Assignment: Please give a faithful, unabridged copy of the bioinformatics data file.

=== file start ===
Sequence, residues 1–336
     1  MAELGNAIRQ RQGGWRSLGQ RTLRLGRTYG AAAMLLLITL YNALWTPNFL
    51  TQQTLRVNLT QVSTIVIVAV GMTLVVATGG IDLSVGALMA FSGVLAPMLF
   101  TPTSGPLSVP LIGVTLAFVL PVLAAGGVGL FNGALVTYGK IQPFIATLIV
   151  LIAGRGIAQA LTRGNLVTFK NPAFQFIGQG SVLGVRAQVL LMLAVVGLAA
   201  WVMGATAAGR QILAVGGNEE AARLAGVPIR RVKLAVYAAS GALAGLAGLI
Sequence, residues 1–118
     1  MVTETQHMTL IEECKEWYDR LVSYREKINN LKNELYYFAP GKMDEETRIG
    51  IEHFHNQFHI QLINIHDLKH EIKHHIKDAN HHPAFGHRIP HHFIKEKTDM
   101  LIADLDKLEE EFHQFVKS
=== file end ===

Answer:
Sequence, residues 1–336
     1  MAELGNAIRQ RQGGWRSLGQ RTLRLGRTYG AAAMLLLITL YNALWTPNFL
    51  TQQTLRVNLT QVSTIVIVAV GMTLVVATGG IDLSVGALMA FSGVLAPMLF
   101  TPTSGPLSVP LIGVTLAFVL PVLAAGGVGL FNGALVTYGK IQPFIATLIV
   151  LIAGRGIAQA LTRGNLVTFK NPAFQFIGQG SVLGVRAQVL LMLAVVGLAA
   201  WVMGATAAGR QILAVGGNEE AARLAGVPIR RVKLAVYAAS GALAGLAGLI
Sequence, residues 1–118
     1  MVTETQHMTL IEECKEWYDR LVSYREKINN LKNELYYFAP GKMDEETRIG
    51  IEHFHNQFHI QLINIHDLKH EIKHHIKDAN HHPAFGHRIP HHFIKEKTDM
   101  LIADLDKLEE EFHQFVKS